Photo by Alexander Ryabchun/

I’ve mentioned before in this space that I enjoy crocheting. It’s relaxing (unless you discover that you made a mistake a million rows ago and have to rip everything out, or your yarn somehow gets itself wound into an impossible knot). It gives me a great sense of satisfaction to create something beautiful or useful out of a few skeins of yarn. I especially like making things for others – a sweater for my sister, a hat for my dad, toys for my friend’s children. I should probably devote more time to my hobby, seeing as I’ve got a bookcase full of yarn at home that I’m always adding to, plus a pile of the crochet magazines that I can’t seem to stop buying.

I like the process of crocheting and the finished product. But there’s an essential part of the endeavor that I do not enjoy at all, and that is weaving in the ends. Depending on how complicated your pattern is and how many colors you use, you can have approximately 3 billion ends to weave in after you’ve completed a project. It’s very tedious. But it has to be done; otherwise your scarf or your teddy bear will have all these random yarn ends sticking out everywhere. I suppose you could call it an experimental type of fringe, or avant-garde crochet, but if you want a polished piece that’s not going to unravel, you have to take care of those pesky ends.

I’m trying to be more efficient about the process. The project I’m currently working on involves flower squares crocheted in four colors. Initially, I completed several squares, and then wove all the ends in. That was silly. It made me want to throw the whole pile out the window. With the next batch, I wove in the ends after each color change. That made it a much less daunting task. Now I’m trying to figure out how to join all the squares together (which perhaps I should have done before I got going).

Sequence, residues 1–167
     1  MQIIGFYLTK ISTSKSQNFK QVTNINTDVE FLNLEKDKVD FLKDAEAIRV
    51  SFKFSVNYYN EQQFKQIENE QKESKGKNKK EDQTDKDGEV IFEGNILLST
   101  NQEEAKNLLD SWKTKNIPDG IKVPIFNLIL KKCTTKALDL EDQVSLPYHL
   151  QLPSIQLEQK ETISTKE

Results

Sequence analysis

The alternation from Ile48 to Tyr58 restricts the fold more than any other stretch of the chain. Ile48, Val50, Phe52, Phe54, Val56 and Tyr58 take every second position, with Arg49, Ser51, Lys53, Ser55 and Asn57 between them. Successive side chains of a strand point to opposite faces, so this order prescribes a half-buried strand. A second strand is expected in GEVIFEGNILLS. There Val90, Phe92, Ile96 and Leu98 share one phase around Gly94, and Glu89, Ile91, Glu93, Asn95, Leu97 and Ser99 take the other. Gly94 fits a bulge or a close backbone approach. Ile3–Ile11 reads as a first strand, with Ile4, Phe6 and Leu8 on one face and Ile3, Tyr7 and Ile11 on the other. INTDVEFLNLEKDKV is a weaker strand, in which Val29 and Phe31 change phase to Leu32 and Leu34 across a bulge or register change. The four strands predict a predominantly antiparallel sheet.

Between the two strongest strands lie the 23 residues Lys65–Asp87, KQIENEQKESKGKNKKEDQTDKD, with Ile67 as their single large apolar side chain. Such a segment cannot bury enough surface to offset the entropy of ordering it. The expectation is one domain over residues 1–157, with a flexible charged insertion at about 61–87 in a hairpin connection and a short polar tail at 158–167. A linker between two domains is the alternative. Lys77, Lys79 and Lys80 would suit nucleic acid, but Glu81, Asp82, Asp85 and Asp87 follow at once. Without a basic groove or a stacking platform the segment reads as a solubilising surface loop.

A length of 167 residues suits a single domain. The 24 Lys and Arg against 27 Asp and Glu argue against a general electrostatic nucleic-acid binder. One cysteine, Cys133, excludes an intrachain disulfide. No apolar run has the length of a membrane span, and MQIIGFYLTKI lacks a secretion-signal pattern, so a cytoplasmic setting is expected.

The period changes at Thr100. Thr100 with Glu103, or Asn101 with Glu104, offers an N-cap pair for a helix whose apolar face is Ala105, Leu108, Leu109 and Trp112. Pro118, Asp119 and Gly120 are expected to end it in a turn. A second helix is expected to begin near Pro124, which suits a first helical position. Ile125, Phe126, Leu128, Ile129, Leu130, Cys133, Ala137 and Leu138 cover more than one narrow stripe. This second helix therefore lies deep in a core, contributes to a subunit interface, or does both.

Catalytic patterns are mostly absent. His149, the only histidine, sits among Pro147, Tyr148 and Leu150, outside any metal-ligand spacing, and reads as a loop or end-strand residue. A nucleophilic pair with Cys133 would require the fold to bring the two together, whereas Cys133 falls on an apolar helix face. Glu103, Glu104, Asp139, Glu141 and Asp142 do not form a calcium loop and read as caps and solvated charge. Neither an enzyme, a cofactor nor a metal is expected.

When you grow vegetables, fruit or nuts, your job isn’t done with the harvest. After all the work of soil preparation, planting, fertilizing, managing any disease and weed issues, combating pests and gathering the crop, you still have to weave in your ends, so to speak. You have to make sure your produce is handled and stored properly so that it’s clean and salable, and so that it won’t spoil quickly or potentially make consumers sick.

Fortunately, there’s plenty of information out there to help you do just that, so you won’t be like me trying to make a tote bag using an afghan pattern. Turn to page 6 to read more about how to manage postharvest handling and storage to ensure you’re providing the safest, freshest, tastiest produce possible.

Stephanie Peake